17. ^ Blitz, David C., and Pim van Vliet. (2007), The Volatility Effect: Lower Risk without Lower Return, Journal of Portfolio Management, vol. 34, No. 1, Fall 2007, pp. 102–113. SSRN: https://papers.ssrn.com/sol3/papers.cfm?abstract_id=980865
  18. ^ Nielsen, F and R. Aylur Subramanian, (2008), “Far From the Madding Crowd – Volatility Efficient Indexes”, MSCI Research Insight.
  19. ^ Carvalho, Raul Leote de, Lu Xiao, and Pierre Moulin,(2011) “Demystifying Equity Risk-Based Strategies: A Simple Alpha Plus Beta Description”, The Journal of Portfolio Management”, September 13, 2011.
  20. ^ Blitz, David, Pang, Juan and Van Vliet, Pim, “The Volatility Effect in Emerging Markets” (April 10, 2012). Available at SSRN: http://ssrn.com/abstract=2050863.
  21. ^ Baker, Nardin and Haugen, Robert A., “Low Risk Stocks Outperform within All Observable Markets of the World” (April 27, 2012). Available at SSRN: http://ssrn.com/abstract=2055431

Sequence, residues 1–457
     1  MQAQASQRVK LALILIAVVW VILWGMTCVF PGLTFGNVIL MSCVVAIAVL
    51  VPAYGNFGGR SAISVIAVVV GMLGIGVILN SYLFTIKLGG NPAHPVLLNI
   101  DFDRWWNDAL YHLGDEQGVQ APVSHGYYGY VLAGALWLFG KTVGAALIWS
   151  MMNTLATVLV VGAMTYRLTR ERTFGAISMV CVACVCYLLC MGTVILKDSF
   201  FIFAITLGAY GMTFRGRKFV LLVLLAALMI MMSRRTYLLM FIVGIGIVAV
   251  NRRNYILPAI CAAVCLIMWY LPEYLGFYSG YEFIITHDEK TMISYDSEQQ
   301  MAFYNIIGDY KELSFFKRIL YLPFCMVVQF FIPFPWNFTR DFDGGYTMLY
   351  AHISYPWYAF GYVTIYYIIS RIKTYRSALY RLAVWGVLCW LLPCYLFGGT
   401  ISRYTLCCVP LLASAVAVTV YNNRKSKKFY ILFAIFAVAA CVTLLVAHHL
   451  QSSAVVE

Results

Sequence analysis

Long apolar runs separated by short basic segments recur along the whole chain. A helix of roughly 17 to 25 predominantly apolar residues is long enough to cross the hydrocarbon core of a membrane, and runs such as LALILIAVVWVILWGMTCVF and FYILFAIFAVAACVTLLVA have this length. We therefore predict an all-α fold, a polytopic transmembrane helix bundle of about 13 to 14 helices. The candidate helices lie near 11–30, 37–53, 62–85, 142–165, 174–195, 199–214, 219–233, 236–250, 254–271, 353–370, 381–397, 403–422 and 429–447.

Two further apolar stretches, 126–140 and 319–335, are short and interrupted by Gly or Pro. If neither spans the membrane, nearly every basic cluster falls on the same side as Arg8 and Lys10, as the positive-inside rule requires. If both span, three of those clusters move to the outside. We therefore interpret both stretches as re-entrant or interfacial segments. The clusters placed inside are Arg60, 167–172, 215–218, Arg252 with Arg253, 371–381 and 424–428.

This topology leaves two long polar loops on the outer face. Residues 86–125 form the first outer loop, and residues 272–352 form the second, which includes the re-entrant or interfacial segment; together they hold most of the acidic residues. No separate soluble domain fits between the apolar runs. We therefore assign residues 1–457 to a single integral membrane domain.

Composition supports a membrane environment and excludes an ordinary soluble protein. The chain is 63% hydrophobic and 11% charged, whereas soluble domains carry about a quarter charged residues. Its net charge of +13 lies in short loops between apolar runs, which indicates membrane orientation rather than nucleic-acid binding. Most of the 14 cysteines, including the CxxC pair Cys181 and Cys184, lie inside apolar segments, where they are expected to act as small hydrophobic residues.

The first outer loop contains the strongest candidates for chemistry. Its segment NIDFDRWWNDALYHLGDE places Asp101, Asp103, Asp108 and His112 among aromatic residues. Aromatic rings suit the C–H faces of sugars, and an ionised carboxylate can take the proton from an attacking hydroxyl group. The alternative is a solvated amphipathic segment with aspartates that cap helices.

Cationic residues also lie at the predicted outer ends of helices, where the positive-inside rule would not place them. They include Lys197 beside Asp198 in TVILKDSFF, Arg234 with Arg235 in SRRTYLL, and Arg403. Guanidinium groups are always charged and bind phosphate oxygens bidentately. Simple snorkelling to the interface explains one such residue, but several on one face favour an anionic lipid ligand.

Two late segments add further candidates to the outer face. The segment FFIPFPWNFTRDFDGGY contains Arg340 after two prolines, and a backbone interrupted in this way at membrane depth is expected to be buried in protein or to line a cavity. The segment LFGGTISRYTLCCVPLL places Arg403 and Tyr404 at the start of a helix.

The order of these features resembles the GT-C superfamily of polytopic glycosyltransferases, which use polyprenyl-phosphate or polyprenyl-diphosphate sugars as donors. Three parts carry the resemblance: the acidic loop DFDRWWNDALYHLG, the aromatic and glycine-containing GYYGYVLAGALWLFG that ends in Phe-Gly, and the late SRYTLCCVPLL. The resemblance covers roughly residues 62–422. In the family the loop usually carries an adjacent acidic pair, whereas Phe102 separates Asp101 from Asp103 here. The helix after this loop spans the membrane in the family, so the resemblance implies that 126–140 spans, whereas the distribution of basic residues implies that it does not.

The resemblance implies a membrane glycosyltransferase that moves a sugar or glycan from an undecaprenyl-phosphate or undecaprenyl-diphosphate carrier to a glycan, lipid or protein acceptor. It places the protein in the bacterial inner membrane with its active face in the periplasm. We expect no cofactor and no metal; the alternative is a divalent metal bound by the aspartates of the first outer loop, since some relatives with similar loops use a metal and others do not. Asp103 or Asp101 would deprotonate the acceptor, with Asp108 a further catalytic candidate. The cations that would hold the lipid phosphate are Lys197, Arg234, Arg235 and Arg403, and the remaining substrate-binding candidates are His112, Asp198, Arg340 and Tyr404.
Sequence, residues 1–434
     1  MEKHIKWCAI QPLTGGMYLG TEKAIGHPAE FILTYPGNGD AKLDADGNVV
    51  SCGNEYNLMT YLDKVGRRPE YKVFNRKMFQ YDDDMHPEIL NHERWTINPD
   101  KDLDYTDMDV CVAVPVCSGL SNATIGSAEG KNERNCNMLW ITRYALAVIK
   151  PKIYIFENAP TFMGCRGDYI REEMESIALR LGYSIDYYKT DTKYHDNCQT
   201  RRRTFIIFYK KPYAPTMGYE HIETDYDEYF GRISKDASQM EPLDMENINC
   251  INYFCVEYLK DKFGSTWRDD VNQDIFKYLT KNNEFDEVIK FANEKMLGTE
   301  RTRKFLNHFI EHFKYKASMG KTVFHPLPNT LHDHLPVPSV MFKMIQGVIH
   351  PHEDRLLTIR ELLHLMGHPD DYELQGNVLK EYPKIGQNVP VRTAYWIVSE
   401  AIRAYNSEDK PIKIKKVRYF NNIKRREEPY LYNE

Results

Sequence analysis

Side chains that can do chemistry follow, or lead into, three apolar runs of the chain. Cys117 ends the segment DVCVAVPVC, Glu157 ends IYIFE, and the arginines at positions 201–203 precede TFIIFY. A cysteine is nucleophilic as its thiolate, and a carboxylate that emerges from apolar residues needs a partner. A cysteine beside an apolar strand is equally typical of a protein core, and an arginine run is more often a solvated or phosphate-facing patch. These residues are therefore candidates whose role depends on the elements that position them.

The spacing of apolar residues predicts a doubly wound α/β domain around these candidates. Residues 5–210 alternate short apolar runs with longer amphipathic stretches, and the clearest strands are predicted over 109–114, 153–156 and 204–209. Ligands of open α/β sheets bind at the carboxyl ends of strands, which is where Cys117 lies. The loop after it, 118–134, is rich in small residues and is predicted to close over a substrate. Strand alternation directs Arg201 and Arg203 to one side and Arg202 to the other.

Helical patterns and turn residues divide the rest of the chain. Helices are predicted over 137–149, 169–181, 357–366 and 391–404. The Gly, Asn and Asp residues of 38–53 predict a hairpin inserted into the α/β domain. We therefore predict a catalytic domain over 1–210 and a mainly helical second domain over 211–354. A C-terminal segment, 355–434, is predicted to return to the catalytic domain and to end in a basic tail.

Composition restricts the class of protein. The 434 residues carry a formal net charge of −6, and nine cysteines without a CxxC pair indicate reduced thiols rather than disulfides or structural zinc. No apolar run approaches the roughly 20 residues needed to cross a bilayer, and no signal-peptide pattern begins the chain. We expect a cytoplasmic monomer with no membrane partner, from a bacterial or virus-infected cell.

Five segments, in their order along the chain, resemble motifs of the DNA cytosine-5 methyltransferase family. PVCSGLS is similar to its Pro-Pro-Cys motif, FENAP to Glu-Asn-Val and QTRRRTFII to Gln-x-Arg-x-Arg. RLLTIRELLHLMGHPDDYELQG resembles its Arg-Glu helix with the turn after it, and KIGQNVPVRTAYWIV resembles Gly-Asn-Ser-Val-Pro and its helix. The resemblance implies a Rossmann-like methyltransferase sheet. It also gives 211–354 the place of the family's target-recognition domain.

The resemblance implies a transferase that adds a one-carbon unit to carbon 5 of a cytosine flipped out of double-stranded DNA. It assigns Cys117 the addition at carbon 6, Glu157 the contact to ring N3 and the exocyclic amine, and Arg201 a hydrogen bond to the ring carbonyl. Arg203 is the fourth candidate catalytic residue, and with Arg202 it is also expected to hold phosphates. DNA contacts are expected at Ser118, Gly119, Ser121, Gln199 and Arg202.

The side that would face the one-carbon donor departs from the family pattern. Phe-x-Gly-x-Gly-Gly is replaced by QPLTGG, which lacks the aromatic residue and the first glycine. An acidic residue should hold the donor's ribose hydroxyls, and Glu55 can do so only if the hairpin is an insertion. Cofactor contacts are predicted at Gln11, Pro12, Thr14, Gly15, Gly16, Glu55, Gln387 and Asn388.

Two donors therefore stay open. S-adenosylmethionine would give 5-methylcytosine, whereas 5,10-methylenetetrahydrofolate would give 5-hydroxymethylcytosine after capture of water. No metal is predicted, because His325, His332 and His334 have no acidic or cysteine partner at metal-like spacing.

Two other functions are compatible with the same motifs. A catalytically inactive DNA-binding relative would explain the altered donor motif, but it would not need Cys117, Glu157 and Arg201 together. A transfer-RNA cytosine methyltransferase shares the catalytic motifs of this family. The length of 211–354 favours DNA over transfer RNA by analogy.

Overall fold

22. ^ "Low Risk, High Return? - May 2014 - SagePoint Financial" (PDF). SagePoint Financial. Archived from the original (PDF) on May 4, 2015.
  23. ^ "Why Low Beta Stocks Are Worth a Look". Portfolio Investing Blog: Portfolioist. Archived from the original on June 6, 2014.
  24. ^ "The Greatest Anomaly in Finance: Low-Beta Stocks Outperform". Investing Daily. Archived from the original on May 31, 2014.
  25. ^ Frazzini, Andrea and Pedersen, Lasse (2014). Betting against beta. Journal of Financial Economics, 111(1), 1-25.
  26. ^ Blitz, David; Huisman, Rob; Swinkels, Laurens; Van Vliet, Pim (2019). "Media Attention and the Volatility Effect". Finance Research Letters. forthcomin. doi:10.2139/ssrn.3403466. hdl:1765/120091. S2CID 198634762.
  27. ^ Blitz, David; Falkenstein, Eric; Van Vliet, Pim (2014). "Explanations for the Volatility Effect: An Overview Based on the CAPM Assumptions". The Journal of Portfolio Management. 40 (3): 61–76. doi:10.3905/jpm.2014.40.3.061. S2CID 201375041.
  28. ^ Blitz, David; Van Vliet, Pim; Baltussen, Guido (2019). "The Volatility Effect Revisited". doi:10.2139/ssrn.3442749. S2CID 202931436. {{cite journal}}: Cite journal requires |journal= (help)